The World War for Intellectual Property Rights on the Internet
The fight for the galaxy continues. The theater of war has shifted to Europe, but the story is the same. Emboldened by their recent victory in the United States scorching the Stop Online Piracy Act, opponents of Internet regulation scored another major victory. The European Parliament International Trade Committee voted twenty-one to five with two members abstaining against referring ACTA to the EU Court of Justice for an opinion on whether the agreement violated fundamental EU rights.
Critics of the bill claimed the referral would rubber stamp the agreement and serve as nothing more than a parliamentary tactic to delay the final vote on the bill and reduce the effect of the U.S. SOPA/PIPA debates on the European public. There might be merit in that claim because the process to evaluate the law was expected to take as long as eighteen months, enough time to fade the SOPA/PIPA controversy in the minds of European voters. Theoretically, after such a delay the debate could be recast in a different light and thus improve the chances of success.
As thousands of protesters across Europe and a European Member of Parliament would have it, ACTA will be referred directly to the European Parliament to be voted on in the next few months. This may be the inglorious end to an international trade harmonization process that began in 2006. The prospect of IP enforcement on the Internet in some form appeared inevitable in technologically advanced countries when in January 2012 twenty-two countries signed ACTA (with the notable exception of EU heavyweight Germany). Most of the negotiations were done in secret.
The debate is about the creation of legal liability on the Internet to enforce intellectual property rights (IPR). On one side is the entertainment industry — not a uniform collection of interests by any stretch of the imagination — while the other side consists largely of Internet Service Providers (ISPs). ACTA is the latest effort of exasperated IPR holders, including the entertainment industry (which includes the artists we celebrate, to be fair), to retain some value in the artistic creations that the world enjoys and guiltily distributes across the Internet. The problem of the Internet is that the open structure prevents effective enforcement of IPR because there are so many anonymous users throughout the world uploading and downloading material so quickly that controlling the transfer is technically impossible and enforcing IPR is so expensive that it is economically detrimental. This problem is also known as “whack-a-mole.”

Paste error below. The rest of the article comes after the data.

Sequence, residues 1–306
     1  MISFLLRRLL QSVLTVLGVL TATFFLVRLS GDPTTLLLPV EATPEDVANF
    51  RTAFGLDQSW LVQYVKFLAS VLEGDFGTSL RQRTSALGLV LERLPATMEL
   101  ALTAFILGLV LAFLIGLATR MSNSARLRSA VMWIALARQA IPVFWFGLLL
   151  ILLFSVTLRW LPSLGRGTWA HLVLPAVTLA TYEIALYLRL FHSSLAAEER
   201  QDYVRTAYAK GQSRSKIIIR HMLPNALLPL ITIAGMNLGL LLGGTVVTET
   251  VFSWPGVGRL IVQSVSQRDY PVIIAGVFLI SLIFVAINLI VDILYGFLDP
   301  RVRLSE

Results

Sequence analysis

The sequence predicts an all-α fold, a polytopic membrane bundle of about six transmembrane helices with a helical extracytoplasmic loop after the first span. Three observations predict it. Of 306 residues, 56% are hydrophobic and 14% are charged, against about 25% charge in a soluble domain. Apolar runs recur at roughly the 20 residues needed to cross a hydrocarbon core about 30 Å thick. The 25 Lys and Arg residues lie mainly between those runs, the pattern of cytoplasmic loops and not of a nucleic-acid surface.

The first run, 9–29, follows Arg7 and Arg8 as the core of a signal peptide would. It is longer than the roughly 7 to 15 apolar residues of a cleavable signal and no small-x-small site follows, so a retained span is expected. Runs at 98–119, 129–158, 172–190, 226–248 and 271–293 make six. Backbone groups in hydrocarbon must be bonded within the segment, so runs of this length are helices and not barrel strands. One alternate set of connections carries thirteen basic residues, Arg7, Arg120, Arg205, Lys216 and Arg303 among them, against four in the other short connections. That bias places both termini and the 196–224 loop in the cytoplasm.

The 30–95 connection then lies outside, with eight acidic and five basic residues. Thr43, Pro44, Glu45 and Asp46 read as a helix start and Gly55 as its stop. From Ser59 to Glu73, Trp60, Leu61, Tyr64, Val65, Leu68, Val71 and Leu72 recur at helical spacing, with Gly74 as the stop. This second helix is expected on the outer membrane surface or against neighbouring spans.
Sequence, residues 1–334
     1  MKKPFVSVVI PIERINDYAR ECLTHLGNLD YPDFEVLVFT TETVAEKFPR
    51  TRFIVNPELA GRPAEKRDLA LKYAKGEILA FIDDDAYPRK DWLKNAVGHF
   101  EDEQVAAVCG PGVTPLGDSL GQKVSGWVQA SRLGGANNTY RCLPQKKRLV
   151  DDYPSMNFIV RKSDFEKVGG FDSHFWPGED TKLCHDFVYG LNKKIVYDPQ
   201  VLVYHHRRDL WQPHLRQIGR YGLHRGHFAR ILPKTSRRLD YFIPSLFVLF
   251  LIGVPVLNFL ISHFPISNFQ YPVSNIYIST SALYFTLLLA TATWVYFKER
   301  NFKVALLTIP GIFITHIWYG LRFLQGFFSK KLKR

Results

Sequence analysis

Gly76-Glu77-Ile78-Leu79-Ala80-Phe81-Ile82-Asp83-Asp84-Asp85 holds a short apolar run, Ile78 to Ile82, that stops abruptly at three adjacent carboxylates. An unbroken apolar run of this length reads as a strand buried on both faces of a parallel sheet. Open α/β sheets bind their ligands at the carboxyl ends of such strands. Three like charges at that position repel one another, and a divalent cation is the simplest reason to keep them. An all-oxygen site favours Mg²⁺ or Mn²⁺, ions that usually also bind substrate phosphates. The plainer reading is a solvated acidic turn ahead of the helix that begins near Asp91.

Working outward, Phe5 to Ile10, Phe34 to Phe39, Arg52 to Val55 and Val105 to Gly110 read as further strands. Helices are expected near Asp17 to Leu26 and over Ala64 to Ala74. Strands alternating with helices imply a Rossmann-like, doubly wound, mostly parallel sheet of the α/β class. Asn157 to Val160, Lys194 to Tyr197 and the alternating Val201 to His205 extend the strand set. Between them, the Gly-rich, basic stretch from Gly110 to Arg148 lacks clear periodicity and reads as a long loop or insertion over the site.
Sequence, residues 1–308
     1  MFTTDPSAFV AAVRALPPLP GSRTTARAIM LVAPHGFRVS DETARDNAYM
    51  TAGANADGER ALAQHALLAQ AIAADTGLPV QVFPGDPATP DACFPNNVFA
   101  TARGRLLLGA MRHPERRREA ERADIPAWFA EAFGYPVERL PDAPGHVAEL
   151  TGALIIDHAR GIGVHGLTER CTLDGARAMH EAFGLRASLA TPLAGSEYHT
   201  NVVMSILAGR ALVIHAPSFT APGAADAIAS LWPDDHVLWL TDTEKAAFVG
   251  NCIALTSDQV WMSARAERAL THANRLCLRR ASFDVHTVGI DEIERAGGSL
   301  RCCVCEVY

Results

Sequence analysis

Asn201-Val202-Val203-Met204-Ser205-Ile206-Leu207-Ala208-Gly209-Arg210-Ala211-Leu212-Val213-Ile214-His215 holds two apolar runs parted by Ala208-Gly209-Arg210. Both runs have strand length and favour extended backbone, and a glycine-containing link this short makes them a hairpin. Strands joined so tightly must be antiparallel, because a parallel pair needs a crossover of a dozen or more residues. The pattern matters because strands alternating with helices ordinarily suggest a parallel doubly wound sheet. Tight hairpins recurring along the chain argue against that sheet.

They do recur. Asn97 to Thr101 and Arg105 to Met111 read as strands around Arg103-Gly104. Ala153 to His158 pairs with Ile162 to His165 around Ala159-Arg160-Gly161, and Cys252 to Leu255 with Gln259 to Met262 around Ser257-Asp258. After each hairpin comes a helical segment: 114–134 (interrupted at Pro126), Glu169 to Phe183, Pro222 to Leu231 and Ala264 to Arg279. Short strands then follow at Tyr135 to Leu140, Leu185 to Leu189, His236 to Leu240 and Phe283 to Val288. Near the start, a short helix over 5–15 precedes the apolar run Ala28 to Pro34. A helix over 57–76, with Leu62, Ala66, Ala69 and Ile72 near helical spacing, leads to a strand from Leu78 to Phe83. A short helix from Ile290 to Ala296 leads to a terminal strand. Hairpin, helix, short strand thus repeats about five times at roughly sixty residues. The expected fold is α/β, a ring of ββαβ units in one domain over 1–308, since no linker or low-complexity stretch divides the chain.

Unfortunately, with salvo after salvo of legally questionable distribution methods — such as Napster, Aimster, Grokster, Megaupload, The Pirate Bay — the entertainment industry responded by pushing international lawmakers to create some sort of legal framework to address what many rights holders see as theft. ACTA is one of several versions of a similar legal framework (SOPA, PIPA, and TPP) that have attempted to transfer the enforcement mechanisms that IPR holders enjoy in the physical world to cyberspace. This latest defeat could signal an end to those efforts and force the entertainment industry to innovate new business models of distribution for the Internet (a la Spotify or iTunes).
The enforcement measures attempted to apply legal liability to one of the few chokepoints of the Internet (that could pay) – the ISPs. Holding the ISPs liable would force them to police the behavior of their users and allow the IPR holders to sue ISPs if their rights were infringed. Businesses naturally tend to attempt to reduce risk, in this case legal liability, by any means necessary, but cynics point to another benefit to ISPs in keeping the Internet free of regulations such as ACTA. Many of the business models of the most common ISPs rely on monitoring the behavior of their users and selling advertisements individually targeted to each user as well as selling user information to other businesses. Thus, the more content available to users the more accurate the monitoring of user behavior will be and could subsequently increase the value of the information provided to businesses and advertisers.
Legislatively, the issue is that the ISPs have effectively applied their leverage to inform citizens of the negative effects of enforcement and have successfully defeated attempts to implement the enforcement measures. IPR holders must find a new business model that adjusts their rights to the reality that modern society is dependent on the Internet and the services that ISPs provide. Undoubtedly, society’s dependence on the Internet will only increase and IPR holders will only face more difficultly in informing voters of their concerns. After stalled attempts to implement these measures, the entertainment industry should consider negotiating with the ISPs to buy property rights to cultivate business models that distribute protected material fairly.